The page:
Push(): To add an element to the tuple with push operation.

Example:

var country = [1, "India"];
country.push(2, "Australia"); 
console.log(country); 

//output:
[ 1, 'India', 2, 'Australia' ]

Update or Modify the Tuple Elements:

We need to use the index of the fields and assignment operator for modifying the fields of tuple.

Example:

let country = [1, "India"];  
country[0] = 2;
console.log(country);

//output:
[ 2, 'India' ]

Clear the fields of a Tuple:

Fields could be cleared but we cannot delete the tuple variables. To clear the fields of a tuple, assign it with an empty tuple field set as shown below:

Example:

let country = [1, "India"]; 
   country = [];  //empty tuple field
 console.log(country); 
 console.log(country[0]);
//output:
[]
undefined

pop(): It remove and returns the last value in the tuple.

Example:

var country = [1, "India",2,"Australia"];
country.pop(); 
console.log(country);
//output:
[ 1, 'India', 2 ]

TypeScript Union

A TypeScript Union variable can hold a value that belongs to one of the many declared datatypes.

Syntax:

var varname: datatype1|datatype2|……

  • “varname”- is the name of the union variable
  • datatype1|datatype2….datatypes that the variable can hold should be separated by vertical bar.

Example: Following is an example, where a variable can hold data of either number or string.

var unionVar: number|string
 
unionVar = 10
console.log(" type of unionVar is : "+ (typeof unionVar))
console.log(" value of unionVar : "+ unionVar)
 
unionVar = "TSInfo"
console.log("\n type of unionVar is : " +(typeof unionVar))
console.log(" value of unionVar : " + unionVar)

//output :
type of unionVar is : number
value of unionVar : 10

type of unionVar is: string
value of unionVar: TSInfo

Class in TypeScript

A class in terms of OOP is a blueprint for creating objects. A class encapsulates data for the object.

The class in Typescript is compiled to plain JavaScript functions by the Typescript compiler to work across platforms and browsers.

Syntax : class class_name { //class scope }

The class definition can include – Fields, Constructor, and Functions.

Example 1:

class Product { 
   //field 
   productID:number; 
 
   //constructor 
   constructor(productID:number) { 
      this.productID = productID 
   }  

   //function 
   disp():void { 
      console.log("Product-ID is  :   "+this.productID) 
   } 
}

Creating Instance objects: To create an instance of the class, use the new keyword followed by the class name.

Syntax: var objectName = new className(arguments)

Example 1: var objProduct = new Product();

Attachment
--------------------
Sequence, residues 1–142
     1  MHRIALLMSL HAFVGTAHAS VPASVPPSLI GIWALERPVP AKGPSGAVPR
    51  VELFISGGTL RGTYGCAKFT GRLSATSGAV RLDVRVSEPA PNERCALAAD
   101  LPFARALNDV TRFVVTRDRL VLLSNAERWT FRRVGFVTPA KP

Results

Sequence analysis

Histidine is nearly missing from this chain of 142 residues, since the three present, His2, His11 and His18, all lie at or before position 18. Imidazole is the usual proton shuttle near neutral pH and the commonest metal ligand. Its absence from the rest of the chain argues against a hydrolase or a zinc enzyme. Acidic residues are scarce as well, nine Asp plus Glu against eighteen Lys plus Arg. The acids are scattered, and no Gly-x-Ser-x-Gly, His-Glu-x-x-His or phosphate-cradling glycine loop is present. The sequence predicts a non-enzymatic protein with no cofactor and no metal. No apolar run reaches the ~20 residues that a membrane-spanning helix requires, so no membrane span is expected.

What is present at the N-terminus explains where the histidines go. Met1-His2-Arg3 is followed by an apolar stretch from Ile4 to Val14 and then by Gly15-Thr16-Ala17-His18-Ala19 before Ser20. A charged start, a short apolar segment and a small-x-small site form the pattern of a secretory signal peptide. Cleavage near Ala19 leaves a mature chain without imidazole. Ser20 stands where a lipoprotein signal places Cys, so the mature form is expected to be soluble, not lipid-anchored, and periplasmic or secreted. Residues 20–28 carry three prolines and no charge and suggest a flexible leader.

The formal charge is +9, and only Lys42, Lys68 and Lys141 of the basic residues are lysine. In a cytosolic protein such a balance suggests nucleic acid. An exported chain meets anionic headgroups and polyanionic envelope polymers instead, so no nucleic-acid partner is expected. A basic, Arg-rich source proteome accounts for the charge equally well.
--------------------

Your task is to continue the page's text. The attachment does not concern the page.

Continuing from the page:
Example 2:

class  Products {
    pID: Number;
    pName: String;
       
    constructor(prodName: String, prodID: Number) {
        this.pID = prodID;
        this.pName = prodName;  
    }

    productInfo(): void {
        console.log(`Product ${this.pName} ID is ${this.pID}` );
    }
}
let objProducts = new Products('Laptop', 505);
objProducts.productInfo(); //output : Product Laptop ID is 505

Class Inheritance: A class inherits from another class using the ‘extends‘ keyword. Child classes inherit all properties and methods except private members and constructors from the parent class.

Syntax: class child_class_name extends parent_class_name

Example :

class Company { 
    name:string;
    country:string; 
  
    constructor(compName:string,compCountry:string) { 
       this.name = compName;
       this.country = compCountry;
    } 
 } 
  
 class IT extends Company { 
    display():void { 
       console.log("Name: "+this.name+"\n"+"Country: "+this.country);
    } 
 }
  
 var objCompany = new IT("TSInfo",'India'); 
 objCompany.display();

// output :
Name: TSInfo
Country: India

Classes Implement Interfaces: classes can also implement interfaces. fallow the syntax of class implement single interface.

interface A { 
   //code 
} 
class B implements A {  
   //code   
} 

fallow the syntax of class implement multiple interfaces.

interface A { 
   //code 
} 
interface B { 
   //code 
} 
class C implements A,B {  
   //code   
} 

Method overriding in TypeScript

Method Overriding is a mechanism by which the child class redefines the superclass’s method.

Example:

class ParentClass { 
   display():void {
      console.log("display() from ParentClass called…") 
   } 
} 

class ChildClass extends ParentClass { 
   doPrint():void { 
      super.display() 
      console.log("doPrint() from ChildClass called…")
   } 
} 

var objChildClass = new ChildClass() 
objChildClass.doPrint()

//output:
display() from ParentClass called…
doPrint() from ChildClass called…

TypeScript Interface

Interfaces contain only the declaration of the members. It is the responsibility of the deriving class to define the members.

The Typescript compiler does not convert the interface to JavaScript. It is just part of Typescript.

An interface is defined with the keyword ‘interface‘ and it can include properties and method declarations using a function or an arrow function.

Syntax:

interface interface_name {